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Alzheimer's Disease Facts

  • Medical Author: Norberto Alvarez, MD
  • Medical Editor: Melissa Conrad Stöppler, MD
    Melissa Conrad Stöppler, MD

    Melissa Conrad Stöppler, MD

    Melissa Conrad Stöppler, MD, is a U.S. board-certified Anatomic Pathologist with subspecialty training in the fields of Experimental and Molecular Pathology. Dr. Stöppler's educational background includes a BA with Highest Distinction from the University of Virginia and an MD from the University of North Carolina. She completed residency training in Anatomic Pathology at Georgetown University followed by subspecialty fellowship training in molecular diagnostics and experimental pathology.

Alzheimer's Disease FAQs Related Articles

What is Alzheimer's disease?

Alzheimer's disease is a progressive and fatal brain disorder that gradually destroys a person's memory and ability to learn, reason, communicate, and make judgments.

Who gets Alzheimer's disease?

What causes Alzheimer's disease?

What exactly causes Alzheimer's disease is not known in most cases. Most often, a number of factors, rather than a single cause, come together in certain people to cause the disease.

Two forms of Alzheimer's disease have been recognized.

  • In familial Alzheimer's disease, a person's genes directly cause the disease. This form of disease is very rare; only a few hundred families worldwide include individuals with the genes that cause this form of Alzheimer's disease. However, individuals who inherit these genes will almost certainly develop the disease, usually when younger than 65 years and sometimes as young as 30 years. At least three different genes have been found to be related early-onset or familial Alzheimer's disease.
  • In sporadic Alzheimer's disease, the more common form of the disease, genes do not cause the disease; however, certain genetic mutations have been shown to increase an individual's risk of developing the condition. Cases of sporadic Alzheimer's disease occur in a less predictable manner than familial Alzheimer's disease, and usually not as many members in the same family acquire it compared to families with familial Alzheimer's disease.

What are symptoms of Alzheimer's disease?

While Alzheimer's disease progresses at different rates in different people, three general stages of Alzheimer's disease have been described.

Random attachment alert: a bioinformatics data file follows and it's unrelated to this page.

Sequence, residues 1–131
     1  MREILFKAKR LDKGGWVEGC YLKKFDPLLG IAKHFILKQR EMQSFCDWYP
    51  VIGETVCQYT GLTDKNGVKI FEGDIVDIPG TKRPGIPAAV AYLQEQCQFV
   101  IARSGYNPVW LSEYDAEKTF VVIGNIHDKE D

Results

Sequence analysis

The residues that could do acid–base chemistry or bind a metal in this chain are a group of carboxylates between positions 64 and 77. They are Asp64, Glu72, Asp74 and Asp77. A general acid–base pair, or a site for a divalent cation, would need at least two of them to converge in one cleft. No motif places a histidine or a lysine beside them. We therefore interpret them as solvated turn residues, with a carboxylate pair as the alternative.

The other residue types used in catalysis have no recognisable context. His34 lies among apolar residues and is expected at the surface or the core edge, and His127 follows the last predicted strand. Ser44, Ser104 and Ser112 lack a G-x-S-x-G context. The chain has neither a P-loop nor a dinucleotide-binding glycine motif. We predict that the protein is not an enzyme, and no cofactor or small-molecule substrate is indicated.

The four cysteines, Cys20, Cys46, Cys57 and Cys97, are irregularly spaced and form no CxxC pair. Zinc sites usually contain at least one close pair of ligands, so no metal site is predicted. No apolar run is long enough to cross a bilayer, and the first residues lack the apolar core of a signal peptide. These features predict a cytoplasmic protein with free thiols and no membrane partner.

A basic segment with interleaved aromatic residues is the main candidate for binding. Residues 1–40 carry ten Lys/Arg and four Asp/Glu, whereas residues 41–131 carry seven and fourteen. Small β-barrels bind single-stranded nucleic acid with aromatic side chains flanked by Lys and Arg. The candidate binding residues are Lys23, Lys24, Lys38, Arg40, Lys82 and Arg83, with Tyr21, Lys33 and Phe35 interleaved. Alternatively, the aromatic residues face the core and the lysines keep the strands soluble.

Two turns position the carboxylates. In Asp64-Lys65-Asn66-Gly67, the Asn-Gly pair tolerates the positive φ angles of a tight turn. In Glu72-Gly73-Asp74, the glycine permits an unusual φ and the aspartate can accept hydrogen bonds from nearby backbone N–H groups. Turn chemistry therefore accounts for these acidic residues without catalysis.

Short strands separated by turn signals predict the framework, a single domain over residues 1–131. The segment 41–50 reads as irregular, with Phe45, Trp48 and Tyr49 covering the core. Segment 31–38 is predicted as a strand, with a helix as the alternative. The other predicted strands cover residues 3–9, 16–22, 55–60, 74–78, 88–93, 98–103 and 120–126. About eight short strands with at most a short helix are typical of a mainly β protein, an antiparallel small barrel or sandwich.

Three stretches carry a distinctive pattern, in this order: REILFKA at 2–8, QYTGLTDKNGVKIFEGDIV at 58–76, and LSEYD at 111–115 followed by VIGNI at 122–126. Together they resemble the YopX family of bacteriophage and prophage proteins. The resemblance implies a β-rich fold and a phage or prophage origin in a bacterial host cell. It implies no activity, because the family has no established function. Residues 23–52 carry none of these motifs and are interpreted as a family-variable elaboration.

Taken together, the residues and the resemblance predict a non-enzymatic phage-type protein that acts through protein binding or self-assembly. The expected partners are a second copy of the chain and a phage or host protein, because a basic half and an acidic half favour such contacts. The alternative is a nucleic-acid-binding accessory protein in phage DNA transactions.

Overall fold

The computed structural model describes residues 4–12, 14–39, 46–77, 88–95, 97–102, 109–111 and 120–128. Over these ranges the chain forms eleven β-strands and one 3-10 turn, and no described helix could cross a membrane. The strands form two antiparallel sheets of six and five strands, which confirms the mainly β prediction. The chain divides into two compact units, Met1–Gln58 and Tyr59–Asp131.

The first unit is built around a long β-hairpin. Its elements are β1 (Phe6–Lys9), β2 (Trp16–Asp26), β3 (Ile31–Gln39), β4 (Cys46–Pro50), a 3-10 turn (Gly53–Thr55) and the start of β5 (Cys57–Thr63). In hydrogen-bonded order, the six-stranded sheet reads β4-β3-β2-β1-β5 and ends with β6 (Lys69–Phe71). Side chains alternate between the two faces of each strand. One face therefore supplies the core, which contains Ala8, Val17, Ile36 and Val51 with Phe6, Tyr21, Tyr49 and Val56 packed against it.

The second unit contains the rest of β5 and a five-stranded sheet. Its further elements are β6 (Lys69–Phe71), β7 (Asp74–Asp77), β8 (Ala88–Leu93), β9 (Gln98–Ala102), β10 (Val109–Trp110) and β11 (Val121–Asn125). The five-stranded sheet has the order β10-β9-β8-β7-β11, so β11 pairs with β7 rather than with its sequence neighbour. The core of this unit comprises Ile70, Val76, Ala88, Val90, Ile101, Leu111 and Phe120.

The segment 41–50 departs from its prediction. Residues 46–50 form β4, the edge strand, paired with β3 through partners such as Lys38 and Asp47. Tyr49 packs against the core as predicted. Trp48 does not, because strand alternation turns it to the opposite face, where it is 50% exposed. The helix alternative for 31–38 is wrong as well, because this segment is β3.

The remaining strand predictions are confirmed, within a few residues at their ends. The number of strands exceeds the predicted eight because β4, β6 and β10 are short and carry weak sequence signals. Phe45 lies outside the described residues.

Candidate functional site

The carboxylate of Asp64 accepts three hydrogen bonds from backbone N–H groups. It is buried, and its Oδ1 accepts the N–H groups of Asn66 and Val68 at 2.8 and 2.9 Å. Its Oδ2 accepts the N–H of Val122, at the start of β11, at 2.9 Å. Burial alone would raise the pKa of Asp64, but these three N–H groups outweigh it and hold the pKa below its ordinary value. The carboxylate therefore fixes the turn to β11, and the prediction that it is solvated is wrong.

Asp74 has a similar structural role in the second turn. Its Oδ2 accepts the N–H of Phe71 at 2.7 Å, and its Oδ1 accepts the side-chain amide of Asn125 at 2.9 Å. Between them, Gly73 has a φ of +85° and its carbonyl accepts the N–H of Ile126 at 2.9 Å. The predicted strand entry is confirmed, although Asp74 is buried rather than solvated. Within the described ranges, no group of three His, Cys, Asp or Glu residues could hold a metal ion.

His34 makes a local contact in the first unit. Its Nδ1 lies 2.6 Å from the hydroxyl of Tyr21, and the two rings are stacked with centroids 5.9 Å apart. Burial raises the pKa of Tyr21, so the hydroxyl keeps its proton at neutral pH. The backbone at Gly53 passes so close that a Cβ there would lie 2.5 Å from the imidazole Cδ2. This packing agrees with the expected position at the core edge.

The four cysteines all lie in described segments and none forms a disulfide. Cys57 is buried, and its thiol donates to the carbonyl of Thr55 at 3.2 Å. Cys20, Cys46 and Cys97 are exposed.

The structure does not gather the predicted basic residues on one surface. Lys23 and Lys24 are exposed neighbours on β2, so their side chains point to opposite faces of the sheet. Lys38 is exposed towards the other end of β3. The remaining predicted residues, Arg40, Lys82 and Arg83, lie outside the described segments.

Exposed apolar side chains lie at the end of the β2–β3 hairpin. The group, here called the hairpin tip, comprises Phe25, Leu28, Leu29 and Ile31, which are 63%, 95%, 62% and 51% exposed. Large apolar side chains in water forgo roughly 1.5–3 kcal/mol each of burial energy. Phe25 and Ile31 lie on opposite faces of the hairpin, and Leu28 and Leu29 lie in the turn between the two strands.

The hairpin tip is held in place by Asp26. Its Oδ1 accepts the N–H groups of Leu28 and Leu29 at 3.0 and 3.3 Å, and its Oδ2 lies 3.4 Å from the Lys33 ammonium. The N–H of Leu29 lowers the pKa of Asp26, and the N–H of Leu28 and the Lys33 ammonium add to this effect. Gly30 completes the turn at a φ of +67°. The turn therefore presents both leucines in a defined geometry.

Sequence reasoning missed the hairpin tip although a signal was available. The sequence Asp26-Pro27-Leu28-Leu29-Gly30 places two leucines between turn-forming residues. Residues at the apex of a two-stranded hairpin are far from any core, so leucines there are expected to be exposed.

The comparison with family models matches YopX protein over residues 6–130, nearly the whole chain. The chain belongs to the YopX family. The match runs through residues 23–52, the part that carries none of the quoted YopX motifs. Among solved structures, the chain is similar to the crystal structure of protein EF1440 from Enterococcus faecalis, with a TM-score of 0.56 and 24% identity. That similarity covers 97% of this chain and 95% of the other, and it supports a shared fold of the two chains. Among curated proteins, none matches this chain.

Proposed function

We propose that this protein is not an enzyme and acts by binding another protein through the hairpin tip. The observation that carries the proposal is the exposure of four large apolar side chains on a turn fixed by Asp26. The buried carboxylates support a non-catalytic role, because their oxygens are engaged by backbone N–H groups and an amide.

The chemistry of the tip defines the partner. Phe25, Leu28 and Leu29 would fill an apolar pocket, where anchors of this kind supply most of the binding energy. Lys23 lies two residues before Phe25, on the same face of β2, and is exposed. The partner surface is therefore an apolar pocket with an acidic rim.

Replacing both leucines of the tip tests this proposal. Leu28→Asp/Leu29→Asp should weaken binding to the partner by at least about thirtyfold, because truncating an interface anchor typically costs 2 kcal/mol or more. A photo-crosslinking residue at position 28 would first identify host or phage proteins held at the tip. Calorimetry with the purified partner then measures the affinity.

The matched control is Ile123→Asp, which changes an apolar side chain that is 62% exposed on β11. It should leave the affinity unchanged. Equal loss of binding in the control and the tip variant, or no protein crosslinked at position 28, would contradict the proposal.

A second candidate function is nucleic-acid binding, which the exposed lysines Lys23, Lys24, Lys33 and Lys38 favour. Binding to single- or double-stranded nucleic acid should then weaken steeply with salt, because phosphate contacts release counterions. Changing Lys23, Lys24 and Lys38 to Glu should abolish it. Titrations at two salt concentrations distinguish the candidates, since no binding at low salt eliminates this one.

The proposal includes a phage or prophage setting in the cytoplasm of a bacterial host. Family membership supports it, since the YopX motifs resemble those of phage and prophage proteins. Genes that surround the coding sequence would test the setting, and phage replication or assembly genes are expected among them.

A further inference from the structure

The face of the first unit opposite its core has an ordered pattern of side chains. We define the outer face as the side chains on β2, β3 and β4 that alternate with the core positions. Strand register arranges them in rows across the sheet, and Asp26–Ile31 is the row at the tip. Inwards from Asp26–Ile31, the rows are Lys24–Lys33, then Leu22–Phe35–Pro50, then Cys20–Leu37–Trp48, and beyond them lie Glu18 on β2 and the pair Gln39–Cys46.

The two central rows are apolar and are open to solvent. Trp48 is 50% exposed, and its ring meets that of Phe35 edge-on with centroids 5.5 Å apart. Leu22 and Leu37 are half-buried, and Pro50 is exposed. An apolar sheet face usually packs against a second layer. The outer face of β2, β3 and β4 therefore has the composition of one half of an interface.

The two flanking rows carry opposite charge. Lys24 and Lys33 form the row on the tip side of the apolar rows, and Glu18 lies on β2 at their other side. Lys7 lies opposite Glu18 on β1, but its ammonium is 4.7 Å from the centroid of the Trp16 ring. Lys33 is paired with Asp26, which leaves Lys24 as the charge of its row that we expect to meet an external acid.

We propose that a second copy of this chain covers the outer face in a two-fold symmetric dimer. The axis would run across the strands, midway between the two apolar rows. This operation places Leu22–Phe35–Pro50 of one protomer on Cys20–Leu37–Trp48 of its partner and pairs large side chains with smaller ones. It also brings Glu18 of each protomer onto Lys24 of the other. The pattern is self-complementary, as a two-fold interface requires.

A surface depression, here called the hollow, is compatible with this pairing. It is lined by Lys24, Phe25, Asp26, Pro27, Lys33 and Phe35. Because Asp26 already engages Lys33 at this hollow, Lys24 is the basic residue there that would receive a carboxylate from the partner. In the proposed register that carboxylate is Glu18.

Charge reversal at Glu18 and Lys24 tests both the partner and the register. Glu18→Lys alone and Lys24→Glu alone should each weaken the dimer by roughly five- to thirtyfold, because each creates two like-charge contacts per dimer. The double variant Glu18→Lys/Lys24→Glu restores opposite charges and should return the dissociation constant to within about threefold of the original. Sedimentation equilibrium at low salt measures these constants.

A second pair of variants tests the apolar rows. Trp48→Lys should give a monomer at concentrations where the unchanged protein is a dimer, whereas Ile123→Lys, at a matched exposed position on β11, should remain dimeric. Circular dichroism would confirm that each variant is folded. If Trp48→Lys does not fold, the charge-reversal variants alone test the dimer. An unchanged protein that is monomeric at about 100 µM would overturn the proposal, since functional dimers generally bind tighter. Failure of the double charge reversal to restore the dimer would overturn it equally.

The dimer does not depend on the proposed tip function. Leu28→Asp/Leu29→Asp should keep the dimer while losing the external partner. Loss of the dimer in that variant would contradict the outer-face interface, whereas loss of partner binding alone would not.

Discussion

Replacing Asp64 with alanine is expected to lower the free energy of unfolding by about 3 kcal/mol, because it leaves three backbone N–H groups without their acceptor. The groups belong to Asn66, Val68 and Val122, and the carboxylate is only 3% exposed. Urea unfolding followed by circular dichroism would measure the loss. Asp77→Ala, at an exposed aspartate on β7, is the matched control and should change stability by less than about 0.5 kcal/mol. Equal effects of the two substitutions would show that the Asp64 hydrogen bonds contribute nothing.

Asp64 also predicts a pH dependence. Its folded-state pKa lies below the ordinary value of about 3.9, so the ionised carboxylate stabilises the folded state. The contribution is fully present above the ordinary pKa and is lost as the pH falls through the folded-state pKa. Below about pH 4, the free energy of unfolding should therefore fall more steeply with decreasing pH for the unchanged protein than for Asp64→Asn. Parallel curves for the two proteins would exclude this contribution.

• In the early stage (pre-clinical), symptoms of Alzheimer's disease are subtle. The main symptom is memory loss.
  • In the middle, or intermediate, stage (mild cognitive impairment), individuals begin to lose their ability to think and reason clearly, judge situations, communicate, understand new information, and take care of themselves.
  • As the disease progresses to the late stage (Alzheimer's' disease), individuals may experience changes in personality and behavior, anxiety, agitation, disorientation, paranoia, severe memory loss, loss of mobility, delusions, and hallucinations.

What brain changes are associated with Alzheimer's disease?

The neurodegenerative disorders in the brain that result in Alzheimer's disease start years, probably decades, before the beginning of clinical symptoms. This long period of time between the beginning of the pathological changes and the early symptoms opens a window of opportunity for early diagnosis and treatment. Unfortunately, at the present time no treatment is available to stop the progression of the disease.

There are two main changes in brain tissue that are associated with Alzheimer's disease.

  1. The abundant presence of the so-called "senile plaques." These plaques are the result of the extracellular deposit of a protein fragment that is naturally produced inside the brain, known as amyloid A-beta 1-42. This protein accumulates in the parenchyma of the brain, that is, the area outside the nerve cells. The reason for this excessive accumulation is not clear but it is considered one of the landmarks of Alzheimer's disease.